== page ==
Erik Levander – Couesnon (Katutku Collective)


I do love when packaging imagery and music slot together with some sense of perfection. Dutch abstract painter, Eelco Maan contributes to Erik Levander’s new digital/cassette release, Couesnon, a beautiful monochrome, which is reminiscent of a recently bushfire destroyed mountain, now covered in snow, in the process of exploding. This kind of monumentalism is exactly analogous to much of the sound of the album. It is large, dense music, sombre in tone but with a high amount of textural variety, strong in both its lightness and darkness. I’m not actually much of a fan of music removed from any sort of visual connections and this is one album for which I think the connection is well worth making.

For his part, Levander is not actually doing anything outrageous in the creation of his sounds. The basis is a vintage clarinet (the brand name lending itself to the album title), which is pushed and pulled through a myriad of electronic manipulations. It is not easy to actually discern the raw clarinet for much of the recording. Towers of reverberating, distorted feedback grow quickly out of the seed sounds of the clarinet and then hang around for a while, building walls of glacial sound. Pitch shifting is used to create synthetic harmonies, often in minor keys, to the monophonic clarinet. This use of distortion and reverb is really a shortcut to a sense of grandeur, and has been explored many times before. But, then again, the string quartet has been explored for centuries and this doesn’t stop new, interesting work being written for it. The bottom line is that Levander is successful in his building of sound worlds. The familiar tropes don’t get in the way of the sonic beauty he achieves.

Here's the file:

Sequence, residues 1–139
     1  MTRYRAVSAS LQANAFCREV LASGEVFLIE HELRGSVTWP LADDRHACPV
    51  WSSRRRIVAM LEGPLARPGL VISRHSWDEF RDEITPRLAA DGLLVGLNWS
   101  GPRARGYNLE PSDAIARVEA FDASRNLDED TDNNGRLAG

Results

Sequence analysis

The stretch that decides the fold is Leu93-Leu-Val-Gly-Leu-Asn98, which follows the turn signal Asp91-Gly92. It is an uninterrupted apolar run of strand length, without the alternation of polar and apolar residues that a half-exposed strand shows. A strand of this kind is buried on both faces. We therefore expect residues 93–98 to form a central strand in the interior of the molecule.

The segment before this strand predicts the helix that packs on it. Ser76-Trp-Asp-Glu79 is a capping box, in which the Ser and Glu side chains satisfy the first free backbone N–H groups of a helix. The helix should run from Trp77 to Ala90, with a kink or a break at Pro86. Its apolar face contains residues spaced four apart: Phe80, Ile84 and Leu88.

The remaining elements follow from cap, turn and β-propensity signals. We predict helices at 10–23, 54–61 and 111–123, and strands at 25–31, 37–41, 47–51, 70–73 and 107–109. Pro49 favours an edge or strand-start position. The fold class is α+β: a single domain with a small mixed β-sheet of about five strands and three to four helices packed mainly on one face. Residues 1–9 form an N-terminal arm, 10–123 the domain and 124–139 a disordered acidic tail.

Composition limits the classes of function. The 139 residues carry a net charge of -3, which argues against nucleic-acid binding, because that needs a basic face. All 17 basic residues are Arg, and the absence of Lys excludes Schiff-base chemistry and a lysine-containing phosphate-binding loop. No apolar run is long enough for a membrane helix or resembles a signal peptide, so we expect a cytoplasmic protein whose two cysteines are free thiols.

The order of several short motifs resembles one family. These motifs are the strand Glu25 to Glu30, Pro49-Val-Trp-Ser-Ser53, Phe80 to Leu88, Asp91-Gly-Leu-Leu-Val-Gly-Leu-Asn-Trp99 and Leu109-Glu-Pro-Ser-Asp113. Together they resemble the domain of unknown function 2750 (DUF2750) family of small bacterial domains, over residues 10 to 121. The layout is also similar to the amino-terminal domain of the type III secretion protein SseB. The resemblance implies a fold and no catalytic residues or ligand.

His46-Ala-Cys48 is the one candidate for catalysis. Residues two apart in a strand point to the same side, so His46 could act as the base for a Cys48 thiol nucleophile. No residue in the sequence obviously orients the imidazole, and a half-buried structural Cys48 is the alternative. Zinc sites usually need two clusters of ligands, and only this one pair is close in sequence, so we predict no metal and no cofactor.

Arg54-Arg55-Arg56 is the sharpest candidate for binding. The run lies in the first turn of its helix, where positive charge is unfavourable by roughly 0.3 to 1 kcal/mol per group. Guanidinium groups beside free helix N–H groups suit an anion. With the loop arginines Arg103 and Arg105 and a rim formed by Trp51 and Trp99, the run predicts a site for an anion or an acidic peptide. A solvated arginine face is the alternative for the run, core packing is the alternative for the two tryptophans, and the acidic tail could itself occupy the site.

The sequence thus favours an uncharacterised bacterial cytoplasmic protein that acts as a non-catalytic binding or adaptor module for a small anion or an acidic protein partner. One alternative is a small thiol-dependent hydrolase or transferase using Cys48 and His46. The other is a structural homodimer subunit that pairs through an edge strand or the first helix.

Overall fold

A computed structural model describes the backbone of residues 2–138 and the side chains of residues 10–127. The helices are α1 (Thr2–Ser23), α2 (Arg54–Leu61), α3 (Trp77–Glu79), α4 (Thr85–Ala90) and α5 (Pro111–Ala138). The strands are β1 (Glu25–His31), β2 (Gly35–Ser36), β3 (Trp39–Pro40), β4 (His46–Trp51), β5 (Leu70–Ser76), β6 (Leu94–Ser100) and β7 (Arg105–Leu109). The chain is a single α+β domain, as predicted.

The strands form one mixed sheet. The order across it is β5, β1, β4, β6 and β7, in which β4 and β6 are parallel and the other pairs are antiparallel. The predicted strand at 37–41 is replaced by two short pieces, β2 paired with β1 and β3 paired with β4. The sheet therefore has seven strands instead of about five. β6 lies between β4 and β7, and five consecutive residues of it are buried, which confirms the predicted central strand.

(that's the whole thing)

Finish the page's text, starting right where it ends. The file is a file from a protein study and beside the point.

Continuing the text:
There are nods to distinctly 21st century modes of production, with emphasised tape hiss and digital static often being a feature. Harmonically, grand chord structures are built – simple and slow moving but with enough twists and turns to stop them being merely perfunctionary. So, the closing coda of ‘I ögonblickens marginaler’, for example, which brings in what sounds like high string harmonies, is an epic melancholy crush of warmth amidst the frigid static of the distortion walls blaring all around. A clarinet is one of my favourite instruments in a timbral sense, but the diversity of sound that Levander creates with his processing of it is rather incredible. Deep bass drifts along, grounding the music, while the twinkles of simple melodies float above the white noise midrange. Nothing feels rushed and everything feels perfectly placed. And then ’Skådespelet’ sits as the centre of the whole album, where the digital manipulations are ‘played’ in real time, the constant rise from bass to treble of each pulse, sounding like they are being sucked out of the earth before smashing abruptly into the edge of the atmosphere. It makes for rather epic listening.

So I don’t mind at all that, on one level, Levander’s digital manipulation techniques are so, well, normal and ’simple’. Yes, anyone can bathe some sounds in reverb and distortion and make them sound big, but the fact that Levander’s are so well rendered means they work across the album to be deeply moving on both a physical and emotional level. He has taken the basics of 21st century laptop production and shown that an understanding of pacing, harmonic interest, light and dark and musical structure can lift the mundane into the transcendent.


About Author

Adrian Elmer is a visual artist, graphic designer, label owner, musician, footballer, subbuteo nerd and art teacher, who also loves listening to music. He prefers his own biases to be evident in his review writing because, let's face it, he can't really be objective.